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Serving Northern St. Louis County, Minnesota

Based on my personal experience, mosquitos suck

Catie Clark
Posted 7/4/24

My first memories of Minnesota are populated by the swarms of mosquitos along the Blue Earth River. When I was a child, my family made many trips to visit the relatives in Minnesota, where almost all …

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Based on my personal experience, mosquitos suck


My first memories of Minnesota are populated by the swarms of mosquitos along the Blue Earth River. When I was a child, my family made many trips to visit the relatives in Minnesota, where almost all of my relatives lived when I was growing up. We would pile into the family station wagon and my parents would drive from the Connecticut coast to Blue Earth with regularity.
My memories of Blue Earth are still vivid: my uncle’s home on the edge of a corn field, the walk to the town swimming pool with my cousins, and, of course, the Green Giant statue by the pea packing plant on the edge of town.
The Blue Earth River wound its slow way to Mankato on the other side of the corn field from my uncle’s house. I can remember running inside from the backyard when I was four, crying because I was being eaten alive by the vampire bugs. They were big, too, bigger than any mosquitos I ever saw in Connecticut. They were giant-sized flying bloodsuckers matched only in size by the Green Giant himself.
I was recently reminded of my experiences with the mosquitos along the Blue Earth River while taking photos of the flooding along the South Kawishiwi River. The local branch of the Minnesota Mosquito Garden Club and Terrorist Society was out in force, looking for hapless humans and small bears to carry off and devour. My walk down an ATV trail to get to the river left me looking like I was having an attack of hives or was coming down with chicken pox.
Once I managed to regain the safety of my truck, the pain of being bitten every half second tapered off, but I was left weak from the ordeal when I got home. My husband took one look at my pale face and staggering gait and rushed me to the emergency room for a desperately needed blood transfusion to prevent hypovolemic shock. As I sit here and write, I can feel the congestion and fever coming on from what I am sure is Dengue Fever.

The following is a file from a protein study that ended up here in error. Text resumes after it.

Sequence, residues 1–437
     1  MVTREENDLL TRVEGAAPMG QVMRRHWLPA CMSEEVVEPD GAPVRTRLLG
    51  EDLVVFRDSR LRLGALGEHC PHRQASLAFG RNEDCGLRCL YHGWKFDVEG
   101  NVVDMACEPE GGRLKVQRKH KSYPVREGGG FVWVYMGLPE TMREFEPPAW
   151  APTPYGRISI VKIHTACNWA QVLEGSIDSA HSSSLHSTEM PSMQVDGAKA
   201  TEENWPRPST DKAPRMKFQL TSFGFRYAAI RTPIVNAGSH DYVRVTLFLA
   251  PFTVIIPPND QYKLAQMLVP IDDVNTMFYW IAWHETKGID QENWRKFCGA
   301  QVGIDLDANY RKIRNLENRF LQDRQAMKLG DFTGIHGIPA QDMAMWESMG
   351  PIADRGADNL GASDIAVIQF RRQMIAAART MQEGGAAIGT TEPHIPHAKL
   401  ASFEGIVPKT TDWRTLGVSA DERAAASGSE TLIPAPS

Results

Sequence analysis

Everyone I’ve spoken to agrees that this is a bad year for humans and a great year for the vampire bugs. I’ve lived in places with more active mosquito abatement programs, but not with more active mosquitos. The loon should get dumped as the state bird and replaced by the mosquito, though it will be difficult to pick which species of mosquito to use. Over 50 reside in Minnesota.
I’m not too keen on bug repellant. Pesticides are bad for the environment and ours up here is worth all the protection we can give it. The problem is the trade-off between protecting the local ecosystem or self-preservation. What good is protecting the Boundary Waters if the mosquitos have killed off all the people wanting to visit?
Many of the so-called natural bug repellants are derived from plants. Most of them have less of an impact on fragile environments than the nasty stuff made from industrial chemicals. Some of them even work, like clove oil and geraniol. Others, like peppermint oil or garlic juice, do not. Garlic especially has been the subject of studies showing no demonstrable repellent effect. The PubMed database of medical research hosted by the United States National Library of Medicine is full of studies on natural bug repellents. PubMed is also full of studies showing that mosquitos like people who drink beer. No, really. The science is firm on this point.
What I want to know is why more numerous and bigger mosquitos live in Minnesota than Wisconsin? With all the breweries along Lake Michigan, I would think the bugs would have moved to Milwaukee by now to chase all those beer drinkers. The answer to that question may be because of the Boundary Waters. It may be that the number of beer-drinking anglers coming here to fish is drawing more mosquitos to the local area.
Even though Prohibition was repealed 91 years ago, you could make a good case for bringing it back as an effective mosquito abatement program. It might sober up all those mosquitos drunk on anglers and convince them to move somewhere with more beer — like Canada.